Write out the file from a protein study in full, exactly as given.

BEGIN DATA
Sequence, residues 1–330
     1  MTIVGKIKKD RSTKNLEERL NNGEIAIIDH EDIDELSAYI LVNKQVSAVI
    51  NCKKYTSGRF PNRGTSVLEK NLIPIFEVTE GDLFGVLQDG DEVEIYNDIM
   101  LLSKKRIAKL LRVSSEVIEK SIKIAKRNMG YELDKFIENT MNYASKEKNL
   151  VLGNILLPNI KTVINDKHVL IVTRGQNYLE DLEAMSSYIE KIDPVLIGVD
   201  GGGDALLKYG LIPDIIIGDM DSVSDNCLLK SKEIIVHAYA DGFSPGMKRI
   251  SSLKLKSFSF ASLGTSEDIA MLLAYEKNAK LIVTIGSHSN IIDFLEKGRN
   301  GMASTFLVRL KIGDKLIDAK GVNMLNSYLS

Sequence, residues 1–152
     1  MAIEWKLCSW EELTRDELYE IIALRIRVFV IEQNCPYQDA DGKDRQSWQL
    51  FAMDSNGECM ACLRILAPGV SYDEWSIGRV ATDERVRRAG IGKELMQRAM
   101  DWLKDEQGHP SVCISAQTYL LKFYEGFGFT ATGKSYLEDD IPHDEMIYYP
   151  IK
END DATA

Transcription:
Sequence, residues 1–330
     1  MTIVGKIKKD RSTKNLEERL NNGEIAIIDH EDIDELSAYI LVNKQVSAVI
    51  NCKKYTSGRF PNRGTSVLEK NLIPIFEVTE GDLFGVLQDG DEVEIYNDIM
   101  LLSKKRIAKL LRVSSEVIEK SIKIAKRNMG YELDKFIENT MNYASKEKNL
   151  VLGNILLPNI KTVINDKHVL IVTRGQNYLE DLEAMSSYIE KIDPVLIGVD
   201  GGGDALLKYG LIPDIIIGDM DSVSDNCLLK SKEIIVHAYA DGFSPGMKRI
   251  SSLKLKSFSF ASLGTSEDIA MLLAYEKNAK LIVTIGSHSN IIDFLEKGRN
   301  GMASTFLVRL KIGDKLIDAK GVNMLNSYLS

Sequence, residues 1–152
     1  MAIEWKLCSW EELTRDELYE IIALRIRVFV IEQNCPYQDA DGKDRQSWQL
    51  FAMDSNGECM ACLRILAPGV SYDEWSIGRV ATDERVRRAG IGKELMQRAM
   101  DWLKDEQGHP SVCISAQTYL LKFYEGFGFT ATGKSYLEDD IPHDEMIYYP
   151  IK